When the final horn sounded, Harvard had finally claimed the Ivy League’s automatic bid to the NCAA Tournament, sending it back to the Big Dance for the first time since 1946. There would be no rushing of the court, no cutting of the nets. In fact, the Crimson team was nowhere to be found. In a situation that can only happen under Ivy League rules, Harvard grabbed its automatic bid by watching one league rival (Princeton) knock off another (Penn). If the result had gone the other way, there would have been a one-game, winner-take-all playoff between the Crimson and Quakers at Quinnipiac University on Conference Championship Saturday. It was the second straight year that the title chase had come down to the final game, as Princeton won at Penn the season prior to earn a playoff against Harvard, from which it emerged victorious, grabbing the Ivy bid.

Harvard Finally Broke Through to the NCAAs Last Season (AP)

With the way the 2012-13 campaign is shaping up, there’s plenty of reason to believe that the Ivy League might just go 3-for-3.

Three Key Storylines

  1. Roster Flux - With nearly half of the 2011-12 All-Ivy spots going to graduating seniors, the league had hoped to weather the storm with the return of several key players that missed most or all of last season with injuries. Brown will see 6’8″ forward Tucker Halpern return to the lineup, while Cornell gets back 6’6″ forward Errick Peck. Penn will finally get to see the much heralded forward Greg Louis, who missed his entire freshman season with hip surgery. That’s the good news. The bad news, though, is pretty bad. Columbia had hoped that 2010-11 All-Ivy First Team guard Noruwa Agho would take a second crack at a senior season, but he has opted not to return. The surprises weren’t limited to injury-related situations either. Brown’s roster release came with a huge surprise, as center Andrew McCarthy was dropped from the roster prior to what would have been his senior season.
  2. Conference Tourney Debate – The Ivy League remains the only Division I basketball conference to hand its NCAA berth to its regular season champion, rather than deciding the bid via a postseason tournament. For a while this offseason, that distinction looked to be in serious jeopardy. The eight Ivy coaches unanimously supported a proposal that would have brought the league an eight-team tournament in exchange for each school dropping one non-conference game from its schedule every season.  The eight athletic directors wasted no time in shooting down the proposal before it could even take the final step to the Ivy presidents. For the Ivy ADs, the trade of a game for a tournament missed the point, as they cited the philosophical belief in the superiority of the true round-robin in deciding a champion as the reason for rejecting what had been the most serious attempt at instituting a conference tournament in quite some time.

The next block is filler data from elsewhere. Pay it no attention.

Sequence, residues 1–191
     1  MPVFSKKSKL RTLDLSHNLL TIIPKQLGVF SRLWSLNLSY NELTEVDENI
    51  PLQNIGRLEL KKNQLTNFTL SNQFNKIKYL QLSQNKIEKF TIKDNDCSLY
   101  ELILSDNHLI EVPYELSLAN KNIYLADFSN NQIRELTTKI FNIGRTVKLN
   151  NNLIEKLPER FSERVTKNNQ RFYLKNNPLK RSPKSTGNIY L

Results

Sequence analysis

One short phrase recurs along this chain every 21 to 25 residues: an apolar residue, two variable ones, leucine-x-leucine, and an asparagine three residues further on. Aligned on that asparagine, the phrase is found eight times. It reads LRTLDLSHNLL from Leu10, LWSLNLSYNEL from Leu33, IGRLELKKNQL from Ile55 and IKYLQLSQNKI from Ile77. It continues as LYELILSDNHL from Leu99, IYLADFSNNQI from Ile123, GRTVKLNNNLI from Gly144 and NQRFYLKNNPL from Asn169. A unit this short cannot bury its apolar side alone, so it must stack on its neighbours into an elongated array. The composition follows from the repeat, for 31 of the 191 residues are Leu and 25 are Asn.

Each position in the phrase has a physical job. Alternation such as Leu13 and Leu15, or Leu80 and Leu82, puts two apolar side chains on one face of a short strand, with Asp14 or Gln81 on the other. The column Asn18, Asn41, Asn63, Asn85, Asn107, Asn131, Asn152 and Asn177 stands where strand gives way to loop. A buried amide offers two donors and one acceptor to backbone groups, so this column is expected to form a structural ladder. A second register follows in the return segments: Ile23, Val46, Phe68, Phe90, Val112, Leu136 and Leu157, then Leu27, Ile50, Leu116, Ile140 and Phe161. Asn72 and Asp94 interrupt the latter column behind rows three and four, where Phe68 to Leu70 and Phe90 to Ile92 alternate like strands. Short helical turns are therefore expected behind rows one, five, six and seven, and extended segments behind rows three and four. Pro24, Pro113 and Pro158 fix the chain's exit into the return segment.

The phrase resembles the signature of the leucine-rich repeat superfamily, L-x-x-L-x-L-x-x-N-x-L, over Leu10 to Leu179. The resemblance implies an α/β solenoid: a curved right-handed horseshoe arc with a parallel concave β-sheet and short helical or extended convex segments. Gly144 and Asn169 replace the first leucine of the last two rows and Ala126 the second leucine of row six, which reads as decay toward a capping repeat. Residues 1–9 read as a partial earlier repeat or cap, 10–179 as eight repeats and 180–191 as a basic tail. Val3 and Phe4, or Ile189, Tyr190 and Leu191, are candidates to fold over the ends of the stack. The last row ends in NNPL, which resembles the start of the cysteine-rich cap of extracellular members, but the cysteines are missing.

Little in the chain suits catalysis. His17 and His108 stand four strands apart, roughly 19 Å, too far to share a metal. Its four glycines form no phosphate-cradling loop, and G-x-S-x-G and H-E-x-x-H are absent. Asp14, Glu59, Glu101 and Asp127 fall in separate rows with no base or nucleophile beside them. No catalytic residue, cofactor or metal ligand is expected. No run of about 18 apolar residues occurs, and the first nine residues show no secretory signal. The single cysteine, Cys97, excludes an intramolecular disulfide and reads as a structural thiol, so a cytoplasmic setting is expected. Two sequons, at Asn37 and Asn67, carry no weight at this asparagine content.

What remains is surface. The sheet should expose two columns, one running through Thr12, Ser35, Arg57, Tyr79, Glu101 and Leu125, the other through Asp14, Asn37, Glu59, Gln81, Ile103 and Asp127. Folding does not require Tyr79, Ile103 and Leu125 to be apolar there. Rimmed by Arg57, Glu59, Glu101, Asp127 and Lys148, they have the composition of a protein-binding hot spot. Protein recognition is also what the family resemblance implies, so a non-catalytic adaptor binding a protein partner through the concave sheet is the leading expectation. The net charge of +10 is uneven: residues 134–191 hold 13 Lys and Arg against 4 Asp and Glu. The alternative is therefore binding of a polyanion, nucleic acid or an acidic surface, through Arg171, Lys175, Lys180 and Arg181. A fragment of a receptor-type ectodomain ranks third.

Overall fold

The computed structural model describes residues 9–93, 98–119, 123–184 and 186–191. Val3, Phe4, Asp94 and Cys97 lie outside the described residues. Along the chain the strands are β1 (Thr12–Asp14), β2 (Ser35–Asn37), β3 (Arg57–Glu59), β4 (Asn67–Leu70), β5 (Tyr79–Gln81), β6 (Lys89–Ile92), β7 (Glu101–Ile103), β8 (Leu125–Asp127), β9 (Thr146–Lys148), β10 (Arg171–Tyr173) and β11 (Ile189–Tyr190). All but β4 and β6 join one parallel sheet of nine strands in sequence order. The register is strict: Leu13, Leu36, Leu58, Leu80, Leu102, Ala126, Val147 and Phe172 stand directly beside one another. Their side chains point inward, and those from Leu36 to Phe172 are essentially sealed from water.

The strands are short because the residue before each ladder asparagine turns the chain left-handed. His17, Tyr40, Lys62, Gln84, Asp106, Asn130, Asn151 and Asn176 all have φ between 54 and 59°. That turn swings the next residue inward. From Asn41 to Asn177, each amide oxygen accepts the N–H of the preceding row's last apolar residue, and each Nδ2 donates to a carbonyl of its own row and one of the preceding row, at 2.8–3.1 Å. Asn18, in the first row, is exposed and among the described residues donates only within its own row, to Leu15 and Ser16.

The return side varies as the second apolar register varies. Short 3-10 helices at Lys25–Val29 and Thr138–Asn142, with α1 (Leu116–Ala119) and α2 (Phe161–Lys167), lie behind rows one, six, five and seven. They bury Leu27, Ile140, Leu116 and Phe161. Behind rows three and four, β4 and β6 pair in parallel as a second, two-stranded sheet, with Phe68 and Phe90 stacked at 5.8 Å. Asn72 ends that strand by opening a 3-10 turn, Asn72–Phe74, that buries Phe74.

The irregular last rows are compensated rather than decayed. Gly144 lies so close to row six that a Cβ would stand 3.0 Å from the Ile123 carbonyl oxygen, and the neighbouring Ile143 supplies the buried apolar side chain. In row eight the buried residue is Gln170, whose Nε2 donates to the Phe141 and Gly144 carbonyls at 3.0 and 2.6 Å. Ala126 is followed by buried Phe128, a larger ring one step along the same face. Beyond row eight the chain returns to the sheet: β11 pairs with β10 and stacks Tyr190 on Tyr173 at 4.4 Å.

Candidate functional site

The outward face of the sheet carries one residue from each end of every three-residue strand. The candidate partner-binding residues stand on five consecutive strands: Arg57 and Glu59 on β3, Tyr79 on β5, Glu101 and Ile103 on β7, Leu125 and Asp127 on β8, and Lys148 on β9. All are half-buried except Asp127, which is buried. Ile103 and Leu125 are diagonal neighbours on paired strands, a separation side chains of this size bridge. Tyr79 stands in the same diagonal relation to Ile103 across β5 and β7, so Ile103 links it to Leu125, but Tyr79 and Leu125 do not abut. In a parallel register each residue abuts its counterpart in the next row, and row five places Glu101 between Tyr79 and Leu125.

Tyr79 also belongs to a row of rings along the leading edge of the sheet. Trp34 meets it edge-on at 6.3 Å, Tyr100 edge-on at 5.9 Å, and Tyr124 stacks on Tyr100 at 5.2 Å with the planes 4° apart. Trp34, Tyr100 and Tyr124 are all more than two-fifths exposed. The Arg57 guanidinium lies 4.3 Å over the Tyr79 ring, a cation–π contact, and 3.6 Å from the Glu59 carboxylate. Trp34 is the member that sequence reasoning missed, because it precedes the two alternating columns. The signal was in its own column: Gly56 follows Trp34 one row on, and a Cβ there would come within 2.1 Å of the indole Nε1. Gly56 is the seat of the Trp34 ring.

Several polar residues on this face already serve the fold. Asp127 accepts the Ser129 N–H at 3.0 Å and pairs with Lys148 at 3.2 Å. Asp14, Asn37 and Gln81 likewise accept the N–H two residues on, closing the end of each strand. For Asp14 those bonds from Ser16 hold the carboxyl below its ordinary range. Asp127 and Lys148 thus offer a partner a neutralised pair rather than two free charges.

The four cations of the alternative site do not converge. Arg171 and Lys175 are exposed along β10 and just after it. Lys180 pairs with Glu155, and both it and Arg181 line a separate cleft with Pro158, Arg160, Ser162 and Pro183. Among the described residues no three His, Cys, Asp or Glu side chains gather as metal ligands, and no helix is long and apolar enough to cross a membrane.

3. What Goes Around, Comes Around – When Penn lost Fran Dunphy to Temple in 2006, its exhaustive search for a new head man led it to another institution within its own league, as the Quakers poached then-Brown coach Glen Miller. This offseason, that move came full circle – sort of. Miller is long gone from Philly, fired just a month into the 2009-10 season, but Mike Martin, a Brown alumnus and one of the assistants Miller brought along with him from his previous stint in Providence, remained on with the Quakers even after his former boss’ departure. So, when Brown jettisoned Jesse Agel following an 8-23 campaign, the Bears made Martin a high priority target. It took Brown until the beginning of June to decide on its choice, but the result was bringing Martin back to his alma mater and handing him the keys to a program that has been on a steady decline since Craig Robinson took the squad to the CBI Tournament in 2008.

Reader’s Take